Next, the time domain oxygen signal, taken over a predetermined time interval, undergoes a FFT to create a frequency domain signal, step 56. From this frequency domain signal, the magnitudes of the first order harmonic, P1, the second order harmonic, P2, and the third order harmonic, P3 are calculated, step 58. A ratio of the first to the second order harmonic, P1/P2, is then calculated, step 60. This ratio is compared to a predetermined range of acceptable values that have been determined based upon the response that a “new” or “good” sensor would give, step 62. If within the range, then a ratio of the second order harmonic to the third order harmonic, P2/P3 is calculated, step 64. This ratio is compared to a different predetermined range of acceptable values for a “good” sensor, step 66. If this is also within the range, the sensor is determined to be acceptable, i.e., not excessively deteriorated, step 68. But if either one of the calculated ratios are outside of their respective acceptable ranges, but not both, then the process returns to step 54 to repeat the testing. Step 70. On the other hand, if both are outside of their respective acceptable ranges, then a sensor deterioration output is generated, step 72. This output can take any one of several different forms for notifying the vehicle operator that maintenance work is needed on the vehicle; optionally, one may use this output to adjust the engine control strategy to compensate for the deterioration.
As for using two different ratios to determine sensor failure, the second one is more for backup so that a false sensor failure is not output. This is just one example of how one might accomplish this, and, if desired, one may just rely on a single ratio of odd to even harmonics to determine sensor failure.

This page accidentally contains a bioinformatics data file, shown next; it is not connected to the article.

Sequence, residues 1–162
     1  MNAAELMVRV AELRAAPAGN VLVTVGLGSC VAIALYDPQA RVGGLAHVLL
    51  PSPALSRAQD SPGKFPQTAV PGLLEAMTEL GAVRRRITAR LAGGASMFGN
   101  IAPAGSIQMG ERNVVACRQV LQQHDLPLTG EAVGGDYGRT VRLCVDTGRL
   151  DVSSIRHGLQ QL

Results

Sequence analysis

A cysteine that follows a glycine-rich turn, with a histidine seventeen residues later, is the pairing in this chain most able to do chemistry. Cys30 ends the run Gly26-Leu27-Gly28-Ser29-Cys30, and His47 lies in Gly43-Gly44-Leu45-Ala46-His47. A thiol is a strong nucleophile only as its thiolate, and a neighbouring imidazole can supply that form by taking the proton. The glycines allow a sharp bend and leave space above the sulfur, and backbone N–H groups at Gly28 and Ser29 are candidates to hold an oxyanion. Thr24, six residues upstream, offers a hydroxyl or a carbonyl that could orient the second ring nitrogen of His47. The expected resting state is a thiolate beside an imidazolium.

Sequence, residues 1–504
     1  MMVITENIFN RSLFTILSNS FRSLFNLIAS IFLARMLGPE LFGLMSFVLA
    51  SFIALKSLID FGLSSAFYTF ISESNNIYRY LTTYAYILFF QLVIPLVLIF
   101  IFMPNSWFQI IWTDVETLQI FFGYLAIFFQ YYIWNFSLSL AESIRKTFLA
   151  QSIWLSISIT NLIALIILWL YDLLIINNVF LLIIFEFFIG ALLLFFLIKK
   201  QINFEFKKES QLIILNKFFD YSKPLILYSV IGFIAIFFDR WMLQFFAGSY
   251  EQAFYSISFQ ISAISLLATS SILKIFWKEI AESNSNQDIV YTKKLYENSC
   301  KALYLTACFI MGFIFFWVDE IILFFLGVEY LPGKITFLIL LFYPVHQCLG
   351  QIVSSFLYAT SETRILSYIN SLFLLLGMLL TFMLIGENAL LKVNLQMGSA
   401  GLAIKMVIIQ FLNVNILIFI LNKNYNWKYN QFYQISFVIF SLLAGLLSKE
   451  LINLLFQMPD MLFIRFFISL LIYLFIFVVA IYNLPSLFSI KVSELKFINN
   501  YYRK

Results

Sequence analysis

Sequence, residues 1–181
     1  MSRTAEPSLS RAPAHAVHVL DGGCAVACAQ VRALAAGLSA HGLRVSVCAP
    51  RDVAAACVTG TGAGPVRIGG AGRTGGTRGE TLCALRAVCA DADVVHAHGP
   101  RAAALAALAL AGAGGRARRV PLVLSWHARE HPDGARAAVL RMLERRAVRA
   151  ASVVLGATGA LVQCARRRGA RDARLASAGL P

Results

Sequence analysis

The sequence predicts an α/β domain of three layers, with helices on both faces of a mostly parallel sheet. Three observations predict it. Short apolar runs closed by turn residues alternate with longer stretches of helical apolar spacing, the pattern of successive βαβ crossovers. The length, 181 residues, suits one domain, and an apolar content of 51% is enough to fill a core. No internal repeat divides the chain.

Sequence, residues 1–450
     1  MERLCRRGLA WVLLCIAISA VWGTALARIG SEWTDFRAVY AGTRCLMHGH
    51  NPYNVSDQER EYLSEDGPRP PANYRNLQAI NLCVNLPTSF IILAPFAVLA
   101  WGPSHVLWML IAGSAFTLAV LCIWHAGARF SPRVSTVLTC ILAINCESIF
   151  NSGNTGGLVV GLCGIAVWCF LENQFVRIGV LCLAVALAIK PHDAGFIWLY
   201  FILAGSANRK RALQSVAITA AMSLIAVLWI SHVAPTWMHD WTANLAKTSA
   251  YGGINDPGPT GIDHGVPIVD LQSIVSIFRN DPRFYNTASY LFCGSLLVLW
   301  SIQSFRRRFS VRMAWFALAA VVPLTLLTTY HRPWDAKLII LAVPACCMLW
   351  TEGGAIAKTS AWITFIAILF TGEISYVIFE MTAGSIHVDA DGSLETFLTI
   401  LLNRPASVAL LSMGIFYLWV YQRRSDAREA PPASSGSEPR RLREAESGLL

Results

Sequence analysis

FIG. 5 illustrates a flow chart similar to FIG. 3, but illustrating an alternative embodiment of the present invention. For this embodiment, the initial steps (50-56) are the same as with those described in relation to FIG. 4, and will not be discussed again. After the frequency domain signal is generated, the first, P1, second, P2, third, P3, and fifth, P5, harmonics are determined, step 80. The ratio P2/P1 is calculated, step 82, and this ratio is compared with a predetermined acceptable range, step 84. If it is within the range, then the ratio P3/P2 is calculated, step 86. It is then compared to a predetermined acceptable range, step 88. If within the range, then the ratio P5/P2 is calculated, step 90, and compared to its predetermined acceptable range, step 92. If within the acceptable range, then the output reads that the sensor is acceptable, step 94. If, on the other hand, any one of the ratios calculated are outside of its respective range, then a sensor deterioration output is created, step 96.
While the process for the second embodiment outputs failure if any one ratio is outside of its respective range, this is only one example, and the process may be modified so that it requires multiple ratios outside of their respective ranges before a sensor failure is indicated. This depends upon the particular application and desire of one implementing the sensor monitoring process. Generally, if one desires to have a monitoring process with very high sensitivity to deterioration, then ratios that include higher order harmonics may be more desirable. (See the example below in relation to FIGS. 6A and 6B.) However, this will require more accuracy in the measurements initially.